Now you’re ready to make a risotto worthy of the first weeks of spring.

Serves 4

1 small lemon cut in half
10 baby artichokes
4 tablespoons unsalted butter, divided use
2 tablespoons extra virgin olive oil
2 garlic cloves, peeled and lightly crushed
3 tablespoons chopped Italian parsley
Salt and freshly ground black pepper to taste
6 cups chicken or vegetable broth
2 cups arborio or carnaroli rice
5 tablespoons freshly grated Parmigiano Reggiano, plus more for the table

Fill a large bowl with water. Squeeze the juice of one half of the lemon into the water and add the rind for good measure. You’ll use the other half to rub the cut surfaces of the artichokes as you work. Dealing with one bud at a time, snap off all the tough green leaves, trim the dark green areas off base and stem, then cut the tips off the leaves and the bottom off the stalk. Slice in half vertically, remove any hairy choke at the center, then cut each half into quarters. (If the artichokes are especially small, cut the halves into thirds.)

Place 3 tablespoons of the butter, olive oil and garlic cloves in a large, heavy saucepan and cook over low heat until garlic browns lightly. Discard garlic. Drain the artichokes, removing lemon peel, and add them — along with any water still clinging to the leaves — to the pan. Add parsley and salt and pepper to taste. Cook over medium heat until tender, about 15 minutes, adding a little more water if needed to prevent them from drying out.

In another pan, bring the broth to a boil. Turn heat down to a low simmer.

Add rice to the pan with the artichokes and stir until all the grains are coated with the oil and butter and turn opaque. Add the hot broth, a ladle-full at a time, stirring between additions until the liquid is almost absorbed. Each addition of broth should just barely cover the rice. Continue adding broth until the risotto is quite moist and creamy but each grain is still slightly firm in the center, or al dente. Total cooking time should be about 15 – 20 minutes. You may not use all the broth.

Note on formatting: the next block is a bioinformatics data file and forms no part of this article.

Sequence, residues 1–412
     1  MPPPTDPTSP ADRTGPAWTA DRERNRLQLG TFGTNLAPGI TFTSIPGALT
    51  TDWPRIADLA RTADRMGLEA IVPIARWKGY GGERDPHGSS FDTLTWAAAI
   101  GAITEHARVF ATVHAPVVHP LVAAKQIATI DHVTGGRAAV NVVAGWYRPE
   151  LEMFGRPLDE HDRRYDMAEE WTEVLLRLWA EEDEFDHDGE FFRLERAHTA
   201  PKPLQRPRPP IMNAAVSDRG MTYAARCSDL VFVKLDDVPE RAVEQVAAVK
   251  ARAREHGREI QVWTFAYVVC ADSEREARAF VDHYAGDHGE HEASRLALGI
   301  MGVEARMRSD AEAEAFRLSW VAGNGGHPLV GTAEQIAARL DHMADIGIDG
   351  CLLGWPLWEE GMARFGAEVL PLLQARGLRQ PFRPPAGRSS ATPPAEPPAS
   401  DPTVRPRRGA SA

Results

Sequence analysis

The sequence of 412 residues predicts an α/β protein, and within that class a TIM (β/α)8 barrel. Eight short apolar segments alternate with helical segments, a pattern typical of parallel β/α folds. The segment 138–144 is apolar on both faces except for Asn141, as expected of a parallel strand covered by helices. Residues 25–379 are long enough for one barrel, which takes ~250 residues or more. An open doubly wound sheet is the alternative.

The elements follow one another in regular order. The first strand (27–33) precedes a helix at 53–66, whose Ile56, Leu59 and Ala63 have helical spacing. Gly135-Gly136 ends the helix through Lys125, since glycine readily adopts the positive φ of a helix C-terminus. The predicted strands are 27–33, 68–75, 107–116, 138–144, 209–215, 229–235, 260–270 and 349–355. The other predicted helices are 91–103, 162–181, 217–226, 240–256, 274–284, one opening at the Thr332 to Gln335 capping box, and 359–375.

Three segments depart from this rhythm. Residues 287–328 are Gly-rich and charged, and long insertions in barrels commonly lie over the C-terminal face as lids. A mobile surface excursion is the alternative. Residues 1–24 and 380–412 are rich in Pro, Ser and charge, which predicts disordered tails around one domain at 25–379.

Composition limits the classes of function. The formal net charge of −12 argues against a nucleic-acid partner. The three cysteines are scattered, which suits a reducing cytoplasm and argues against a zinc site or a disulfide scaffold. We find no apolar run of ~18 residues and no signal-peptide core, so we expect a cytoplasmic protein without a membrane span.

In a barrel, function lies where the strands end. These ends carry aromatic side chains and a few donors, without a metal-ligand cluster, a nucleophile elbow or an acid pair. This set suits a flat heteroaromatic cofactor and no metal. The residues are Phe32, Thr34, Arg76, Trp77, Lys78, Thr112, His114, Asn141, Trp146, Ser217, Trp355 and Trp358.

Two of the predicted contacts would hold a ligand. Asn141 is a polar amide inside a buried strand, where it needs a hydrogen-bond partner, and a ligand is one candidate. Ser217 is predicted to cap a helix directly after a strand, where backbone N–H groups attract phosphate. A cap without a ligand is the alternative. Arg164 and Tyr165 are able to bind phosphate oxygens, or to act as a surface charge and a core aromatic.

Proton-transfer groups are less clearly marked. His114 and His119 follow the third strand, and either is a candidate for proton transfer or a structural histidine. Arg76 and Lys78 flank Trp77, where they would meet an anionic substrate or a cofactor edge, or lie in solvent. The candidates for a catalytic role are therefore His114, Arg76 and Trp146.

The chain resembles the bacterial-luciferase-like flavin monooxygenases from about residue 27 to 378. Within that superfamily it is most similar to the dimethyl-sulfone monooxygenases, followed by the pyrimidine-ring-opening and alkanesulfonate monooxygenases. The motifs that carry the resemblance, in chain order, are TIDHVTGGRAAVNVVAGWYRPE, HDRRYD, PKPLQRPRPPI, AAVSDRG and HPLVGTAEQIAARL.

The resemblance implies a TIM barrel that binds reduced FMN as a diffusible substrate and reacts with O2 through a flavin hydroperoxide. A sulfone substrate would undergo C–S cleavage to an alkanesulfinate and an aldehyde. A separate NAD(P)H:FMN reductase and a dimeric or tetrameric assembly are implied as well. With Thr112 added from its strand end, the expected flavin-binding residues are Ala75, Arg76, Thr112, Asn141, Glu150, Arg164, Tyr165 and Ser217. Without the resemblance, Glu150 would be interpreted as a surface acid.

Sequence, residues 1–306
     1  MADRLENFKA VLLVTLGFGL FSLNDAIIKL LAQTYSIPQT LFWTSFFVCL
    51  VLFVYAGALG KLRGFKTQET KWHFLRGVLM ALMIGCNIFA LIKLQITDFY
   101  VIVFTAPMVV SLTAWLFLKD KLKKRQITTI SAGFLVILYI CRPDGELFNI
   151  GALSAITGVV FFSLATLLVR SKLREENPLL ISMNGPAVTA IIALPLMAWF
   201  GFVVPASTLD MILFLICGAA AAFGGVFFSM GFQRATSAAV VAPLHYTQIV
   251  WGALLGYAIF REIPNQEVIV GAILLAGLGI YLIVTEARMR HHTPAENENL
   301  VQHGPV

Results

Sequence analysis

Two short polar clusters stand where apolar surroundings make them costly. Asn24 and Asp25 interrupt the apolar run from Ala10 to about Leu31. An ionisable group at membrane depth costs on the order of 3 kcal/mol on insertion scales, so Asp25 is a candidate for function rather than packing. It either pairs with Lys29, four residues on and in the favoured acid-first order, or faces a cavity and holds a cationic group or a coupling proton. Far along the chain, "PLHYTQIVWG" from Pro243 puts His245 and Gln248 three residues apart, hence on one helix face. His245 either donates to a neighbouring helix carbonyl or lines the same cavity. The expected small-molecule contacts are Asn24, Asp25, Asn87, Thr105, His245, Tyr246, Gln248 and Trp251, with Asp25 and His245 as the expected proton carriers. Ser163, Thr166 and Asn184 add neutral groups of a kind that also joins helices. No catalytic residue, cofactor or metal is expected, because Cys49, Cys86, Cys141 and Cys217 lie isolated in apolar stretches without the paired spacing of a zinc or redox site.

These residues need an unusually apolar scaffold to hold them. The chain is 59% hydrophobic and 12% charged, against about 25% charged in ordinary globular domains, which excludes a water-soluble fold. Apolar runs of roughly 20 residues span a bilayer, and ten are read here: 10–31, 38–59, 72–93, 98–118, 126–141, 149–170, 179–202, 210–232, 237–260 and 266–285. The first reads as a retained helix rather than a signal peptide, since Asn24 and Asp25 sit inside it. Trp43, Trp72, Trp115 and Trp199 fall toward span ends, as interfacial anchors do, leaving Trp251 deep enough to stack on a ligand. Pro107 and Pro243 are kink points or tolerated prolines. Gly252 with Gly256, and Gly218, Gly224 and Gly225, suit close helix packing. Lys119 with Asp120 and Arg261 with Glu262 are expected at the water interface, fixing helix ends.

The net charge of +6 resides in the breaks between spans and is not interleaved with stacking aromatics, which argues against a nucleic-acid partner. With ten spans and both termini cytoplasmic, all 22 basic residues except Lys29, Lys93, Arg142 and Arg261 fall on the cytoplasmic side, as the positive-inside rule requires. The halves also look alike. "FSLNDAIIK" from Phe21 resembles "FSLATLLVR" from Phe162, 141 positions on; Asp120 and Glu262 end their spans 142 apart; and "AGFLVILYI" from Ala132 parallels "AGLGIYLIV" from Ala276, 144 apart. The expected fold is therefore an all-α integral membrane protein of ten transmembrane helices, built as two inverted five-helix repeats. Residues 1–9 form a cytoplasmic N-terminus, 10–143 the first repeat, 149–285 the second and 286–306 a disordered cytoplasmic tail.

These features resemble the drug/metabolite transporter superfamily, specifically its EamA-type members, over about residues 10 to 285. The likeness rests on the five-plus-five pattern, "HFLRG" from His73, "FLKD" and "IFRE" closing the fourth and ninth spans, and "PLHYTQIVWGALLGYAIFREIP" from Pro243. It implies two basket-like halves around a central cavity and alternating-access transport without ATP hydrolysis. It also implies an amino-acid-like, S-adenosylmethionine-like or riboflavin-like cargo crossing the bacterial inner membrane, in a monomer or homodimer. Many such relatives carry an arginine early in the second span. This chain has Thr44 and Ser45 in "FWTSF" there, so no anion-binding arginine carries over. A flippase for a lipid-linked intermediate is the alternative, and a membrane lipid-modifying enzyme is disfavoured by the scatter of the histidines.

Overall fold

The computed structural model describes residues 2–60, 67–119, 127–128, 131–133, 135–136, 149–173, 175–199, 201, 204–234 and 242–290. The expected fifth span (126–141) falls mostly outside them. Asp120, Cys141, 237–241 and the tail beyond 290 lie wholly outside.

Remove pan from the heat and stir in the remaining tablespoon of butter and 5 tablespoons of grated Parmigiano. Serve in shallow bowls with extra grated cheese on the side.

From “Verdura,” by Vianna La Place

8 thoughts on “Artichoke risotto for Spring”

  1. Great pictures on the artichoke prep. Man, I wish I weren’t so lazy to actually prepare my own artichoke hearts. It’s been holding me back on a lot of delicious dishes. 😉

  2. Thanks Sylvia. Start small with just a few little artichokes for a salad and you might find it’s not as much work as you fear. They are impressively good.

  3. Hi Aleta:

    Once again you are making me homesick. The fields of artichokes, in Castroville are out off reach, but not out of mind. This is a yummy recipe. I will try it as soon as I can get to Whole Foods. Which by the way is the only source here, for the best of the best. The photos are great, keep on cooking.